The Controversial Anti-blockade Law: A Conversation with Telémaco Figueroa

A much respected Chavista leader criticizes the recent legislation.

On October 9, 2020, Venezuela’s National Constituent Assembly [ANC] passed a controversial anti-blockade law. Supporters claim that it is needed to confront the catastrophic effects of the unilateral sanctions imposed on Venezuela, while critics allege that it breaks with the Constitution and, even worse, with the spirit of the Bolivarian Revolution. In this interview, we talk with an ANC member who opposed the law, Telémaco Figueroa, a long time left militant and a member of the PSUV.

Many within Chavismo claim that the new Anti-blockade Law breaks with Venezuela’s Constitution. You have been one of the law’s vocal critics. As you see it, what are the most problematic features of the text?

The stated intention of the law is to develop an instrument to defend the nation from the criminal and inhumane blockade imposed by the US and its allies (and promoted by rightwing and fascistoid sectors in Venezuela). However, it is quite evident that the legislation violates the Constitution and the interests of working people.

First, it allows for the discretionary suspension of norms, ordinary laws, and even organic laws by the executive. Additionally, it limits the constitutional mandate of the National Assembly. To be more precise, the new law limits the powers of the National Assembly in its function as a body for monitoring and scrutinizing government activities.

Furthermore, our Citizen Power [one of five powers in Venezuela, in charge of public matters of ethical or moral concern] – and particularly the Comptroller’s Office [in charge of ensuring the transparent administration of public resources] – is now left with a very limited limited of action because of the Anti-blockade Law’s clause granting the government the option to act with confidentiality and secrecy while the blockade and sanctions are in effect.

According to the new law, deals and transactions that the government itself deems “confidential” or “secret” will be evaluated by the comptroller only after the cessation of the blockade and aggressions. To state the obvious, this amounts to a blank check for corrupt officials in the public administration.

Additionally, the new law clears the way for the ongoing process of opaque privatizations of state property and national resources. The new piece of legislation grants the government the right to quietly negotiate with both the local bourgeoisie and the transnational corporations, thus giving a green light to the process of privatization of our common assets and resources. To state the obvious, this is a step backward, and even a betrayal of the Bolivarian project set in motion by Hugo Chávez.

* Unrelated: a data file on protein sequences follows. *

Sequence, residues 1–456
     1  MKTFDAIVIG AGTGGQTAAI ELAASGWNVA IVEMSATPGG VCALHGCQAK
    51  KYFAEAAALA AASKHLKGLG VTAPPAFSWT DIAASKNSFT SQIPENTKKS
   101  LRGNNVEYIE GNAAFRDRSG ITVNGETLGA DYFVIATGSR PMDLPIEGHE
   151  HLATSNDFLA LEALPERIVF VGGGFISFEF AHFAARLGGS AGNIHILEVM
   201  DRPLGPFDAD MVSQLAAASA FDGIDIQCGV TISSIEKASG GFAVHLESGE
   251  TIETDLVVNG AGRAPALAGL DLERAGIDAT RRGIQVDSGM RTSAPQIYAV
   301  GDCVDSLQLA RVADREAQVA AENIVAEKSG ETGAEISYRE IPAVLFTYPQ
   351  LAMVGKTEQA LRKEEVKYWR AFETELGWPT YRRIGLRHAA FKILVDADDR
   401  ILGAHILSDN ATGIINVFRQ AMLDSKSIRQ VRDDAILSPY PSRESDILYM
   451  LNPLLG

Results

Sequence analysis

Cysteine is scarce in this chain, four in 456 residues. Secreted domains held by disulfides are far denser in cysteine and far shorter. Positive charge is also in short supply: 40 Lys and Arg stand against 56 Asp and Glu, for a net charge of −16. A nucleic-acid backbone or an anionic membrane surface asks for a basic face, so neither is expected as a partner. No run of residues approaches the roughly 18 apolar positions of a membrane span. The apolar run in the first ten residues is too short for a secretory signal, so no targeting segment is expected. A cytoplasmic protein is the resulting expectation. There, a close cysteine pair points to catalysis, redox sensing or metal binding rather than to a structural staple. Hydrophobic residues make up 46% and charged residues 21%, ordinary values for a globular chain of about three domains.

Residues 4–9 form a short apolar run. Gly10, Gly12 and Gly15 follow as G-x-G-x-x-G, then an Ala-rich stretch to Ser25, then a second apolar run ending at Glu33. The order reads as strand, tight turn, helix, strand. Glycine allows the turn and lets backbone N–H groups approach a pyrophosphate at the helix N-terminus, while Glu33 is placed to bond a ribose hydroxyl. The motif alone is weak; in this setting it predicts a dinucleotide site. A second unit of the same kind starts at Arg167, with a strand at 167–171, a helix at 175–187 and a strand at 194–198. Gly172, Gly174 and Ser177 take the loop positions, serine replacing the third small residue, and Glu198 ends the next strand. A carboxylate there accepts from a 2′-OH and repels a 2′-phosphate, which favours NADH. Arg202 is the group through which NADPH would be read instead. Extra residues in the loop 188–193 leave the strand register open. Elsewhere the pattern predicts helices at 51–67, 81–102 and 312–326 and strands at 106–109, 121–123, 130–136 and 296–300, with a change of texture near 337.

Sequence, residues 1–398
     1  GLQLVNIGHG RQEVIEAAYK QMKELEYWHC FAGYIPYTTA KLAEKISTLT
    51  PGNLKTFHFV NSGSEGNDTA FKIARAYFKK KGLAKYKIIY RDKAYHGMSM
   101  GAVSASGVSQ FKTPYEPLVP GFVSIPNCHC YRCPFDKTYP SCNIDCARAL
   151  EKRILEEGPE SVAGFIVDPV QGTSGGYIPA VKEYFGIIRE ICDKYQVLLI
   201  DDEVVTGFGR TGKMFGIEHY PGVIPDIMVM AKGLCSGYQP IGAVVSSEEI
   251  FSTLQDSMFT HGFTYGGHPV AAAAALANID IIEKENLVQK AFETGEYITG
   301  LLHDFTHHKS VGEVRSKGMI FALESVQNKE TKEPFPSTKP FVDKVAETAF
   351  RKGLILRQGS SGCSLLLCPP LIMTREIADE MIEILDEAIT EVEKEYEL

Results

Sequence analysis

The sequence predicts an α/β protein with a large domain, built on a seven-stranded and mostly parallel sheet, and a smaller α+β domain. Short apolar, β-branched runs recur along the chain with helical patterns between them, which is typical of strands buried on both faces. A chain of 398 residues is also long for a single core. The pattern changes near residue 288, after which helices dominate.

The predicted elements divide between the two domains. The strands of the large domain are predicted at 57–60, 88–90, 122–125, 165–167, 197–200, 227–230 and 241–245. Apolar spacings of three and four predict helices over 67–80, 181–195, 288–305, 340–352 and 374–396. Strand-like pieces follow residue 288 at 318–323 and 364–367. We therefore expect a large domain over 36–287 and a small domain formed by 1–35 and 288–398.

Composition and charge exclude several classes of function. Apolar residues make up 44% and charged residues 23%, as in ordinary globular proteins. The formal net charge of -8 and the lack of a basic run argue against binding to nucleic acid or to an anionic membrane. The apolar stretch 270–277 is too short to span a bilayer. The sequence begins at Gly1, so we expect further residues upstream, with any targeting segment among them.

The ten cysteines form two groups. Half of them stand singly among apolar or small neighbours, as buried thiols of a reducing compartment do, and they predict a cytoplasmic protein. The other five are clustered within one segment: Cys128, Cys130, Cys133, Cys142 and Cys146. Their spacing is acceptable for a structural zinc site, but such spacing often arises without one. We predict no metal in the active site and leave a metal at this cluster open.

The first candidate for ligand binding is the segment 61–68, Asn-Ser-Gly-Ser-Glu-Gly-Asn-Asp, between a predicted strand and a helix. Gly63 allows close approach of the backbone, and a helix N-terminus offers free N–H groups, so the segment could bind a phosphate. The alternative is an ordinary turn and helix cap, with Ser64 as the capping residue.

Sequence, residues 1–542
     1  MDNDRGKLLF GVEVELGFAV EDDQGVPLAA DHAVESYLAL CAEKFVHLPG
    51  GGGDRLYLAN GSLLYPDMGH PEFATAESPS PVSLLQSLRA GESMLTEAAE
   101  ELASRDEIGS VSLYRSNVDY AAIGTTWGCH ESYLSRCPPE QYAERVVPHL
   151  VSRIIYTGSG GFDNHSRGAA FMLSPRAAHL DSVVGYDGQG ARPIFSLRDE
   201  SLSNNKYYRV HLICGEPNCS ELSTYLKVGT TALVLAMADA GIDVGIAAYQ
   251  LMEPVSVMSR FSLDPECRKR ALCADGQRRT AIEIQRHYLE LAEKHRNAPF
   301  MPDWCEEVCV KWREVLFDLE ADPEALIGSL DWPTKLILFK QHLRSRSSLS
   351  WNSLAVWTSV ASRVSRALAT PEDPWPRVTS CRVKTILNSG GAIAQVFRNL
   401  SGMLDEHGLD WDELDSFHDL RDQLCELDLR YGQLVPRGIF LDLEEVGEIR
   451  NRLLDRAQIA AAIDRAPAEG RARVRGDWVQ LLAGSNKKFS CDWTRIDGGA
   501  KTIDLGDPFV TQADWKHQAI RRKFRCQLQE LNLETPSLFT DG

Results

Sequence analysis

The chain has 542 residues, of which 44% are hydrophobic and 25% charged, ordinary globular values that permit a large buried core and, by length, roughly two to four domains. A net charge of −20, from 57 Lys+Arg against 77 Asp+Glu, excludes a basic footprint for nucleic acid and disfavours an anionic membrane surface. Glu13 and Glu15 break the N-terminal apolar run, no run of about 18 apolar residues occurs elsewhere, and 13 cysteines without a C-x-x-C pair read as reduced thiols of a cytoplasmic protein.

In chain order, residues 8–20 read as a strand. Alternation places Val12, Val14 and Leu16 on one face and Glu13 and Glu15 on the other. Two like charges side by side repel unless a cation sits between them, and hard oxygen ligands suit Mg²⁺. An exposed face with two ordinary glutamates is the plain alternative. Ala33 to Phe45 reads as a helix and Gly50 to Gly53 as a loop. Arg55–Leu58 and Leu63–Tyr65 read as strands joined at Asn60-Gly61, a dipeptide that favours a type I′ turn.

Finally, the law grants the Center for Foreign Investment, a recently created government institution, autonomous powers to undertake all sorts of financial and commercial transactions. As such, this institution will manage enormous resources without any oversight.


As you mentioned, the new law allows the existing legal framework to be suspended if the government deems it necessary. Moreover, when one looks at what the law does to protect foreign investments, a troublesome picture emerges. Is it correct to say that the law damages the project of sovereignty as established in the Bolivarian Constitution?

That is correct. Bolivarian legislation states that – with a few exceptions expressly noted in the Constitution – there can be no international contracts, agreements, or associations subject to international jurisdictions. The Anti-blockade Law, in an effort to attract international investment at any cost by offering extraordinary advantages and guarantees to investors, does away with the Constitution’s premise of sovereignty regarding dealings with non-Venezuelan companies.

Additionally, I should add that, as National Constituent Assembly members, many of us did not participate in writing the law nor were we consulted. As such, we are not responsible for this piece of legislation. However, we owe the nation a long-overdue amendment of Article 303 of the 1999 Constitution [which allows for the management of Venezuelan oil resources through private subsidiaries], as it comes with a legal loophole.

This concerns the people of Venezuela because, in a context already marked by corruption and impunity, lifting the existing controls and oversight processes means that we can only expect to learn about the deals and negotiations after the blockade ends. Since the US is not likely to lift its criminal sanctions in the near future, we will only discover how our resources were traded and used far in the future.


Certainly, Article 303 is a flawed part of the Constitution, since it opens the door for covert privatizations through subsidiaries. However, the 2006 Hydrocarbon Law blocked that possibility to a certain degree. The important question now is if the new law could become a radical mechanism to foster a new version of the so-called “Oil Opening” [the wave of privatizations in the Venezuelan oil industry that occurred between 1992-1999].

More than an Oil Opening – which was perfidious but at least in public view – we are approaching an unspeakable state of affairs. And all this is happening in the midst of the oil industry’s catastrophic situation.